We appreciate Swezey's interest in our paper, but we have to disagree with his reinterpretation of our data.
Swezey's statement that our data suggest that “Ogolien” dunes of western Mauritania range in age from 27–8 ka is apparently based upon the total range of all of the optically stimulated luminescence (OSL) dates and their errors. The error bars in fact reflect the precision of individual OSL dates, and it is erroneous to assume that eolian activity spanned this entire period. OSL dates are also but one type of data and, like any other chronometric data, need to be placed within a stratigraphic/geomorphic context. Most significant here is that the dunes occur in three different sizes, which are organized into three distinct trends that reflect three different wind regimes. We interpret these trends as the result of three episodes of eolian activity, and argue that their geomorphic expression is important in understanding how dune fields respond to constructional events separated in time. This interpretation is further supported by the OSL ages, which, when analyzed statistically, fall into distinct clusters on a probability density curve.
Our OSL dates in the 25–15 ka range are from the large, northeast-trending linear dunes. These dates suggest that this dune trend, which is the one locally termed Ogolien, corresponds to the eolian constructional event of the Last Glacial Maximum (e.g., Sarnthein, 1978). OSL dates clustering between 10 and 13 ka occur within the much smaller, north-northeast–trending linear dunes. A significant result of our study is that the Younger Dryas event (12.5–11.5 ka) may be manifested in the region by this second dune trend. There is little data on the environmental conditions between the Last Glacial Maximum and the Younger Dryas in the region, but the two trends of linear dunes clearly reflect separate generations of eolian construction, and there is no geomorphic and stratigraphic evidence that supports the second dune trend as a continuation of the Ogolien episode.
The termination of the second eolian constructional event and the manifestation of the African Humid Period in the region are well documented by interdune lacustrine deposits that overlie eolian strata and onlap the relict dunes. The relict dunes additionally show a paleosol zone indicating stabilization. The oldest lacustrine deposit in the area that we know of is our sample of organic material (TX-7182) that is 14C dated at 9410 ± 150 yr B.P. (ca. 10.5 ka), and which is included in the review by Swezey (2001). This predates the ca. 7.1 ka age from Barusseau et al. (1989) given by Swezey in his discussion of the onset of humid conditions (i.e., termination of the Ogolien event) in the Mauritanian coastal region. The third (and present) episode of eolian activity in the area began ca. 5 ka, in agreement with 14C dates for the cessation of lacustrine deposits (e.g., Kocurek et al., 1991; Swezey, 2001).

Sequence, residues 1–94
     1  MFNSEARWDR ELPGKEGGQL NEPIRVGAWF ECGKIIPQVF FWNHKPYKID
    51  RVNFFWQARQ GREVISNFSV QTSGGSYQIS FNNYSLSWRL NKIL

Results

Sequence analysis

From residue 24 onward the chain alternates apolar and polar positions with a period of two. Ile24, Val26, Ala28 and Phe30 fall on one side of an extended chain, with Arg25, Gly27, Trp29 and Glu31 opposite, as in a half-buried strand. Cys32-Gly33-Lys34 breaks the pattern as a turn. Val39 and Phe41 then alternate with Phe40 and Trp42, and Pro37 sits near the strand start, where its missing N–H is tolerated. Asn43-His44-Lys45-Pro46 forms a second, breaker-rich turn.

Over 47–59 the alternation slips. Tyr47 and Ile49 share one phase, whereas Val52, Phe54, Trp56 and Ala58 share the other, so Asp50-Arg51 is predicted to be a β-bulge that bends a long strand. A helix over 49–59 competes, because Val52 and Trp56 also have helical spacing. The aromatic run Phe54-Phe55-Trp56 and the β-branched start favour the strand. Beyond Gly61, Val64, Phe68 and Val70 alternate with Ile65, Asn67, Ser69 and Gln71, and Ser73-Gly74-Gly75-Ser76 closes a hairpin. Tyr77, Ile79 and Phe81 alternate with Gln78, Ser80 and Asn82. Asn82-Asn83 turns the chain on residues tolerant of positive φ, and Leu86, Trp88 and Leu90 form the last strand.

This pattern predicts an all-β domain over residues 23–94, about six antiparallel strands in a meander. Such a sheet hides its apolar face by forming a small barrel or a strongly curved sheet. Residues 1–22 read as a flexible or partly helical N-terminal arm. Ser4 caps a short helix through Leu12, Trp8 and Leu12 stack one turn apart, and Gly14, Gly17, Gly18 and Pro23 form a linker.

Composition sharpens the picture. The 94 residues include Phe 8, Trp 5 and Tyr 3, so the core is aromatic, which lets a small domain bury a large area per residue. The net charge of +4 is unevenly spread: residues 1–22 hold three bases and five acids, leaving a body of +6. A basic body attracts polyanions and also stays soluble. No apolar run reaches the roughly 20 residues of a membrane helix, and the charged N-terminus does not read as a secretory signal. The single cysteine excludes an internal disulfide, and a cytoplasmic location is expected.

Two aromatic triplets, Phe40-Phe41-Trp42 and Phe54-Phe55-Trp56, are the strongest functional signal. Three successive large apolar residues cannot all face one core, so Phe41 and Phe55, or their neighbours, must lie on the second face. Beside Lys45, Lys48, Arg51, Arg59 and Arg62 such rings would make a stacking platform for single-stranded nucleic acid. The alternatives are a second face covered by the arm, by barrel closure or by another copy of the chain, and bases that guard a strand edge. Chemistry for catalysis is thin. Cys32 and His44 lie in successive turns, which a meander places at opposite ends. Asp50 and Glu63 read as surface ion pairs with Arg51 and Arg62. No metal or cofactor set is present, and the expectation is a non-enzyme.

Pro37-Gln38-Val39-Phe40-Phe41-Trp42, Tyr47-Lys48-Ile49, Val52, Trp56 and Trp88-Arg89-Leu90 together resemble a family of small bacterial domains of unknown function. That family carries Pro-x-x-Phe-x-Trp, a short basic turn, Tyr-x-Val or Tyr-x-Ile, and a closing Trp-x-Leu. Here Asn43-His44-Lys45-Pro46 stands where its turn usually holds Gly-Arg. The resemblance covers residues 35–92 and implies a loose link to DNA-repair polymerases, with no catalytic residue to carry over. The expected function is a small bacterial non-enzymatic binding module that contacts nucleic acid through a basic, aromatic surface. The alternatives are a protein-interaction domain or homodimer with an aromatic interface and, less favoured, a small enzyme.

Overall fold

References to the dunes and interdune lacustrine deposits of the region are indeed extensive, especially by our French colleagues, but unfortunately restrictions on the length of papers in Geology preclude any extensive discussion of previous work. Kocurek et al. (1991) provide the reader with a detailed discussion of previous work, including those (and others) noted by Swezey. Similarly, we used the review paper by Swezey (2001) as a vehicle to address and refer to the regional data, and could not cite the extensive battery of works that the Swezey paper summarizes.